Desktop version

Home arrow Computer Science arrow A Practical Guide to TPM 2.0

Passwords of a Different Object

A new (and very useful) assertion policy in TPM 2.0 is an assertion that the user knows the password of an entity different from the one being used. Although this might seem odd at first, it's particularly useful because of the difference in the behavior of NVRAM entities versus key objects. When the password of a key object is changed with TPM2_ChangeAuth, what is really happening is that a new copy of the key is being created that has a new password. There is no guarantee that the old copy is discarded. This is because key objects normally reside in files outside the TPM, and the TPM therefore can't guarantee that the old copy of the key file has been erased. However, NV entities reside entirely in the TPM: if their password is changed, it really is changed. The old copy can no longer be used.

This means if a key is created and a policy is created for it that requires the user to prove knowledge of an NV entity's password, it's possible to change the password necessary to use the key without worrying that the old password can still be used to authorize the key. In this case, changing the password of the NV entity effectively changes the password of the key. TPM 2.0 allows you to make authorization of a key dependent on knowing an NVRAM entity's password.

This further provides opportunities to manage the passwords of a large number of entities. Suppose you create a policy that points to a particular NV index's password, and then you associate that policy with a large number of keys. You can effectively change the password of all those keys by changing the password of the one NV index.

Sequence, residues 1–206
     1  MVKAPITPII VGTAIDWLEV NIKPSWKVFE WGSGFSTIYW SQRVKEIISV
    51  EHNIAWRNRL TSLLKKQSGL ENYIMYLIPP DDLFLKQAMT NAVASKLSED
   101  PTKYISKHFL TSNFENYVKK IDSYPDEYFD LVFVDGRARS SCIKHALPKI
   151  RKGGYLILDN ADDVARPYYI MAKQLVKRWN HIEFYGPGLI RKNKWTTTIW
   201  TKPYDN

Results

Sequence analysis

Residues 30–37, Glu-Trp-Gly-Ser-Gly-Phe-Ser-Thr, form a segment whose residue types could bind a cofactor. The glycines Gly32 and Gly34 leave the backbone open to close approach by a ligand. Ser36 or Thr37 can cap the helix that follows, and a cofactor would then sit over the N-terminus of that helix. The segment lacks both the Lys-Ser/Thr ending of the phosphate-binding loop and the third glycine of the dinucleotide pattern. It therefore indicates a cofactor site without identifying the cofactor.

The TPM2_PolicySecret command requires you to pass in the name of the object whose password is required to satisfy the policy. It's perhaps not obvious, but when creating the policy for an object, you can't pass in the name of the object being created. This is because the name of the object depends on the policy, and if the policy depends on the name of the object, a vicious circle is created. This explains why the TPM2_PolicyAuthValue command is also needed. It provides a way of pointing to the authorization of the object being authorized.

To calculate the policy in a trial session, you execute the command TPM2_PolicySecret and pass it the handle of the trial session, as well as the handle of the object whose authorization will be used. Doing so extends the session policy buffer with TPM_CC_PolicySecret || authObject→Name || policyRef. The variable of note that is passed to the command is, of course, a handle for the object whose authorization will be used. As explained regarding names, although the handle of that object is passed to the TPM when executing TPM_CC_PolicySecret, the TPM internally uses the Name of the object in extending the session policy buffer. This prevents a change in the handle from causing a security exposure.

Technically, you need to include an authorization session for the handle of the object being authorized when executing this command. Although the specification indicates that it doesn't need to be satisfied in a trial session, most implementations require it. Therefore you must also include a correct password or HMAC session when executing this command. If you instead calculate the policy without using the TPM, this requirement isn't necessary.

 
< Prev   CONTENTS   Next >

Related topics